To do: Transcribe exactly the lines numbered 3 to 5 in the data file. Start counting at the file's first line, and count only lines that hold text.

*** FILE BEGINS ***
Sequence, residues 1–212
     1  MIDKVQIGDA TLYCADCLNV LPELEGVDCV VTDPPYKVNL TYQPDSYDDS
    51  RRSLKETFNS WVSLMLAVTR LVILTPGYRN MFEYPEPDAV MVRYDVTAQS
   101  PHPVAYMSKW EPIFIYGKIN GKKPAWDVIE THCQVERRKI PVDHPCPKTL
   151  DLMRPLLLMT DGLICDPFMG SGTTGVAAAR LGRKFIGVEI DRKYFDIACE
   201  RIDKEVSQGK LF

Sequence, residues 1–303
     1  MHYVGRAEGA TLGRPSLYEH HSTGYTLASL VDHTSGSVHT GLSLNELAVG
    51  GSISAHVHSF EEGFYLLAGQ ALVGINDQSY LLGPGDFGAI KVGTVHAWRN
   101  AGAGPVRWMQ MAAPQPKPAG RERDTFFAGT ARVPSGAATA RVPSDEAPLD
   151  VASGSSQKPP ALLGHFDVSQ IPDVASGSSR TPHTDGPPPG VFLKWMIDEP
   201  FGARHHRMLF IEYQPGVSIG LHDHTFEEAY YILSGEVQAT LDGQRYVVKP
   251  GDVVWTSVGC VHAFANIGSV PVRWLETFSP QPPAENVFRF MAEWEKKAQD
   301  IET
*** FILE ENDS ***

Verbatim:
    51  RRSLKETFNS WVSLMLAVTR LVILTPGYRN MFEYPEPDAV MVRYDVTAQS
   101  PHPVAYMSKW EPIFIYGKIN GKKPAWDVIE THCQVERRKI PVDHPCPKTL
   151  DLMRPLLLMT DGLICDPFMG SGTTGVAAAR LGRKFIGVEI DRKYFDIACE